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  25.  50
    EVOLUTIONARY RISK OF HIGH HUME TECHNOLOGIES. Article 2. THE GENESIS AND MECHANISMS OF EVOLUTIONARY RISK.V. T. Cheshko, L. V. Ivanitskaya & V. I. Glazko - 2015 - Integrative Anthropology (1):4-15.
    Sources of evolutionary risk for stable strategy of adaptive Homo sapiens are an imbalance of: (1) the intra-genomic co-evolution (intragenomic conflicts); (2) the gene-cultural co-evolution; (3) inter-cultural co-evolution; (4) techno-humanitarian balance; (5) inter-technological conflicts (technological traps). At least phenomenologically the components of the evolutionary risk are reversible, but in the aggregate they are in potentio irreversible destructive ones for biosocial, and cultural self-identity of Homo sapiens. When the actual evolution is the subject of a rationalist control and/or manipulation, (...)
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  26.  4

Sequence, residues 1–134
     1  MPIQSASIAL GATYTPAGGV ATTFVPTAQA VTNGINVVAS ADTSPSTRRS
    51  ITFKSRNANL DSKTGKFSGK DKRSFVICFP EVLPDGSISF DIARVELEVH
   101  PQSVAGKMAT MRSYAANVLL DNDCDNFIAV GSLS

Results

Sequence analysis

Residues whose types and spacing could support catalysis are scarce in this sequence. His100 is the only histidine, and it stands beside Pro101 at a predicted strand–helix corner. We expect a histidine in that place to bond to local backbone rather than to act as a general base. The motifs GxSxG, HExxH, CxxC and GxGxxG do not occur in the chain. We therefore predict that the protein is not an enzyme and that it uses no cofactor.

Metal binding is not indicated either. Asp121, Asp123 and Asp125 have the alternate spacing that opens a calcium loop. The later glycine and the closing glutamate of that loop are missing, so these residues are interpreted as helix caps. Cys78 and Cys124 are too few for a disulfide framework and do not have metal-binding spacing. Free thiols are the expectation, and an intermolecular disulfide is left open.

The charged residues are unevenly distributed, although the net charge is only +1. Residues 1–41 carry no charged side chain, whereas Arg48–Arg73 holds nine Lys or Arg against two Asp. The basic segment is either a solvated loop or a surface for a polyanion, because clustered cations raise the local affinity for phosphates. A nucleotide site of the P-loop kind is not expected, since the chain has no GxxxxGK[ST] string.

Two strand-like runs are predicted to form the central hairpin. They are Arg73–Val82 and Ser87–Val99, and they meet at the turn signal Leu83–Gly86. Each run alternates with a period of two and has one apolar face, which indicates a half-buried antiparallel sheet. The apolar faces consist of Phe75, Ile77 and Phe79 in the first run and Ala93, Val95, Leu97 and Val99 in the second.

Coevolutionary Semantics of Technological Civilization Genesis and Evolutionary Risk.V. T. Cheshko & O. M. Kuz - 2016 - Anthropological Measurements of Philosophical Research 10:43-55.
    Purpose of the present work is to attempt to give a glance at the problem of existential and anthropological risk caused by the contemporary man-made civilization from the perspective of comparison and confrontation of aesthetics, the substrate of which is emotional and metaphorical interpretation of individual subjective values and politics feeding by objectively rational interests of social groups. In both cases there is some semantic gap present between the represented social reality and its representation in perception of works (...)
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  27.  9
    The Black Hole Challenge: Precaution, Existential Risks and the Problem of Knowledge Gaps.Christian Munthe - forthcoming - Ethics, Policy and Environment:1-12.
    ABSTRACTSo-called ‘existential risks’ present virtually unlimited reasons for probing them and responses to them further. The ensuing normative pull to respond to such risks thus seems to present us with reasons to abandon all other projects and commit all time, efforts and resources to the management of each existential risk scenario. Advocates of the urgency of attending to existential risk use arguments that seem to lead to this paradoxical result, while they often hold out a (...)